Outpatient treatment modes have also made a significant progress during the last few years and consist of trigger-point injections for treatment of chronic vulvar and/or vaginal pain, physical therapy for pelvic floor rehabilitation, fitting of pessaries (silicon devices for support of uterine and vaginal prolapse), and urethral dilatations. It is of utmost importance that these treatments be performed by physicians who underwent formal training in the field of urogynecology and reconstructive pelvic surgery. It is your right to assure that the doctor who treats you has undergone such training.
Prof. Yoram Abramov, M.D., Director,
Division of Urogynecology &
Reconstructive Pelvic Surgery,
Carmel Medical Center, Technion
University, Rappaport Faculty of
Medicine, Haifa, Israel
Many women suffer from disorders in the pelvic floor involving the lower urinary and gastrointestinal tracts, the reproductive organs and external genitalia. The field of urogynecology and reconstructive pelvic surgery deals with diagnosis and treatment of urinary incontinence and retention, uterine and vaginal prolapse, aesthetic abnormalities in the vulva and vagina, vaginal and uterine fistulae (abnormal communication between the vagina, recurrent urinary tract infections, urethral diverticulae, and fecal incontinence. A multimodal treatment approach carried out by physicians with adequate training in pelvic floor reconstruction is often mandatory.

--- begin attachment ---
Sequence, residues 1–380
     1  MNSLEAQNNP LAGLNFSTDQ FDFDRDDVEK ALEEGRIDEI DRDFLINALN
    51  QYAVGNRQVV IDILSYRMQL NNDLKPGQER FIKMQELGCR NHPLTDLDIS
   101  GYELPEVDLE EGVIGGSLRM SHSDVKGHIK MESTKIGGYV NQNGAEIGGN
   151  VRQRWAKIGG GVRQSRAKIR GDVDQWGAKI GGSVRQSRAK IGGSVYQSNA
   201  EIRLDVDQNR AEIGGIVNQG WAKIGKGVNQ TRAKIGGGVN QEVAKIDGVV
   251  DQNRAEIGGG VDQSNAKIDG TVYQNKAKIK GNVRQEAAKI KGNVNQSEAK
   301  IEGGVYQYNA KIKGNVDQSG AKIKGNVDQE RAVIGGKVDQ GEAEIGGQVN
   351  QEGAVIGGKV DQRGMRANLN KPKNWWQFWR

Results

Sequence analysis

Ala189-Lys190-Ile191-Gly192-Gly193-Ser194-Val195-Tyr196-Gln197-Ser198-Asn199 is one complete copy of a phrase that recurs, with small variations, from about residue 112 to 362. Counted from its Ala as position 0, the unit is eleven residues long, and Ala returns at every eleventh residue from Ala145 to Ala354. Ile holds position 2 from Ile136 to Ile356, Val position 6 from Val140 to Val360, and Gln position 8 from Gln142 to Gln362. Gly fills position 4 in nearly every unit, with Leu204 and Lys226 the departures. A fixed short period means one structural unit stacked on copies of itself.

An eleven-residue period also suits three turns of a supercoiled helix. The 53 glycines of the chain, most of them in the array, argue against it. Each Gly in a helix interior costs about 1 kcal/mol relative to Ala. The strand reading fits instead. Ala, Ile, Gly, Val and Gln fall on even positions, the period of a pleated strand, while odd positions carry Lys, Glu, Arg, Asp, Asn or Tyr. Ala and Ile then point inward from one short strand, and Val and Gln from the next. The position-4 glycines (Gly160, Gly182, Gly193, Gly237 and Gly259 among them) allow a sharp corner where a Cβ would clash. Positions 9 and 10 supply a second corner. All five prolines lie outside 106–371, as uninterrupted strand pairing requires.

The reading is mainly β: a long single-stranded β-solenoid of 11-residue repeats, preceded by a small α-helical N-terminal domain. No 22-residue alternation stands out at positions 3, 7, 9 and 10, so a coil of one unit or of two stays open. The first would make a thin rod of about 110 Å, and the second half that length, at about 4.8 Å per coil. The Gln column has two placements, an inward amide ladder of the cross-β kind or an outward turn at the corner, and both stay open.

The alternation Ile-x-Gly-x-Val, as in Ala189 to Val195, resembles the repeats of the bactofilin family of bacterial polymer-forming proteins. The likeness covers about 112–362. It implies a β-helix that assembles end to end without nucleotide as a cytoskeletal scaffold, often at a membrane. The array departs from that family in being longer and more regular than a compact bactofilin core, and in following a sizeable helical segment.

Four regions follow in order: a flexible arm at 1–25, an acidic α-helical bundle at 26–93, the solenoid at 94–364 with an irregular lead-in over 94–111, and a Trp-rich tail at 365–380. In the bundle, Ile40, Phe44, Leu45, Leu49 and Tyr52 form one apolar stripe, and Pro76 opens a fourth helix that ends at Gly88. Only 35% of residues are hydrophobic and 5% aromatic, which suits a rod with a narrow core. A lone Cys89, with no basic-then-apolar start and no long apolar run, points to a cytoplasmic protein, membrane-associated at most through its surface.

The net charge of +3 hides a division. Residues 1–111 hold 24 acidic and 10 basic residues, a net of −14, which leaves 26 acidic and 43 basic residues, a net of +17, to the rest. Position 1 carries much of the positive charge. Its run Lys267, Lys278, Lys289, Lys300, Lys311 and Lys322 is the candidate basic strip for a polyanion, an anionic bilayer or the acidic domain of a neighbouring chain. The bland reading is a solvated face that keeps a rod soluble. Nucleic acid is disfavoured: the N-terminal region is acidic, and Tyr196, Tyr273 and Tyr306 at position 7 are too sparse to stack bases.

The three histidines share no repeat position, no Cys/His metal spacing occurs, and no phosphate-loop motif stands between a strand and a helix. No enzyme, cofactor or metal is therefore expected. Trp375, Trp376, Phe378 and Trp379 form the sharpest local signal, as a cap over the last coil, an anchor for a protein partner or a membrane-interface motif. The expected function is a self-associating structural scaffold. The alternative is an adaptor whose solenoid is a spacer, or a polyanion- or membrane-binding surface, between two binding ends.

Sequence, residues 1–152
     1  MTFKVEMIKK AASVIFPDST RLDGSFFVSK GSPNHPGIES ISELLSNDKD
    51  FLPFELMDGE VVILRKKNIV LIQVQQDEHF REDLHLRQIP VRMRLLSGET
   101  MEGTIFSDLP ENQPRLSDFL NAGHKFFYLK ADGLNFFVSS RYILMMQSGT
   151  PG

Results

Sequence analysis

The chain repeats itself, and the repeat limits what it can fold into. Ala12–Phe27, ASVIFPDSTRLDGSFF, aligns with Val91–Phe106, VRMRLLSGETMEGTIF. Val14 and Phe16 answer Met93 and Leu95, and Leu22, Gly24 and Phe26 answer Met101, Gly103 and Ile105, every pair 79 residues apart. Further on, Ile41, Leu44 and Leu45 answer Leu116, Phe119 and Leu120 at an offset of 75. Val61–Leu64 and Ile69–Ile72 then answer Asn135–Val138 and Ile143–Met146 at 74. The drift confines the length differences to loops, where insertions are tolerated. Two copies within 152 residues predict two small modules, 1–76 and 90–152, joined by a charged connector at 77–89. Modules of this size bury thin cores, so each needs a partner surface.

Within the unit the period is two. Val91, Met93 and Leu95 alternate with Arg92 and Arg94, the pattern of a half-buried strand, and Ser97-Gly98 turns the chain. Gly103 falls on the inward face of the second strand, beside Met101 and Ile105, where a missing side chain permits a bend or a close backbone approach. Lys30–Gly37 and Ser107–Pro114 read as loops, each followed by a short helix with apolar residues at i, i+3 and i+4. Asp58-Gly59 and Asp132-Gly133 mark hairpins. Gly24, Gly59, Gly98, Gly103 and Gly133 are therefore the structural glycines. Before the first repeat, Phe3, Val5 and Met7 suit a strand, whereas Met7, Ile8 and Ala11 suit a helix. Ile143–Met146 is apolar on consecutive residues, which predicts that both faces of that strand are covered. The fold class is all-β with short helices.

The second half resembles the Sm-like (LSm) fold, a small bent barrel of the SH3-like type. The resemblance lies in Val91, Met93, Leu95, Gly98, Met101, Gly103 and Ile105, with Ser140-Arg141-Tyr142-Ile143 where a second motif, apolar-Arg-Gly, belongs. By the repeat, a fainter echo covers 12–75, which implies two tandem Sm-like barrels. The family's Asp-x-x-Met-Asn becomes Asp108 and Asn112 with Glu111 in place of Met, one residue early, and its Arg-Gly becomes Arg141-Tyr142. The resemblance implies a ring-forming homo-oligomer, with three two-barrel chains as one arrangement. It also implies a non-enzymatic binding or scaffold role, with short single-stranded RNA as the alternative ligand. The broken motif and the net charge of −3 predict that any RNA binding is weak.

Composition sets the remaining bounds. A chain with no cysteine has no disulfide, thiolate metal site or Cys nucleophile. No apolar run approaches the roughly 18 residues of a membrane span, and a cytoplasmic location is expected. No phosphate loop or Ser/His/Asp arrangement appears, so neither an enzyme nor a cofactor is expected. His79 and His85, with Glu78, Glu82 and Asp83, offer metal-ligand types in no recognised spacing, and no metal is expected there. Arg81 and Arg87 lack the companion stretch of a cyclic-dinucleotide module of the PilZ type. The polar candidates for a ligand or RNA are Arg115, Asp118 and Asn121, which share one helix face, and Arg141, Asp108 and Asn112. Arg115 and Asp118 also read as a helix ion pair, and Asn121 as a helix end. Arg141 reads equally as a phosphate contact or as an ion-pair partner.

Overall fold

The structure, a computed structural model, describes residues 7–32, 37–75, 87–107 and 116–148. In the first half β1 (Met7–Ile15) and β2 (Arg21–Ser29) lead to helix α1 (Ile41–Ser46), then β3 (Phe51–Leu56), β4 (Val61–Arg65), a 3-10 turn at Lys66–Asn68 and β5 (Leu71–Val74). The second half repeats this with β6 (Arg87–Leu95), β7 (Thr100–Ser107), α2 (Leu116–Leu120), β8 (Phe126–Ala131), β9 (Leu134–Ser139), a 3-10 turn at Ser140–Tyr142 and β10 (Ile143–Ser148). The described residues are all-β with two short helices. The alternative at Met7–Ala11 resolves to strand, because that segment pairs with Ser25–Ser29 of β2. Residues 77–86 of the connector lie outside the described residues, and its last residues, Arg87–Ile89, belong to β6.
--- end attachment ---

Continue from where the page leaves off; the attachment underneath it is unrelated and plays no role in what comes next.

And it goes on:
The surgical modalities in urogynecology and reconstructive pelvic surgery are evolving rapidly and consist of advanced minimally invasive (i.e. transvaginal or laparoscopic) techniques for uterine and vaginal prolapse repair with or without graft or mesh reinforcement, laparoscopic/vaginal hysterectomy, myomectomy or removal of ovarian cysts, hysteroscopy for excision of uterine polyps and fibroids, sling surgeries for urinary incontinence (TVT), esthetic surgeries of the vulva and vagina (labial plasty), excision of painful foci in the vulva and vagina for chronic vulvovaginal pain, excision of urethral diverticulae, injection of different materials into the bladder and urethra, implantation of sacral neuromodulators (pacemakers) for intractable overactive bladder, and repair of the anal sphincter for fecal incontinence.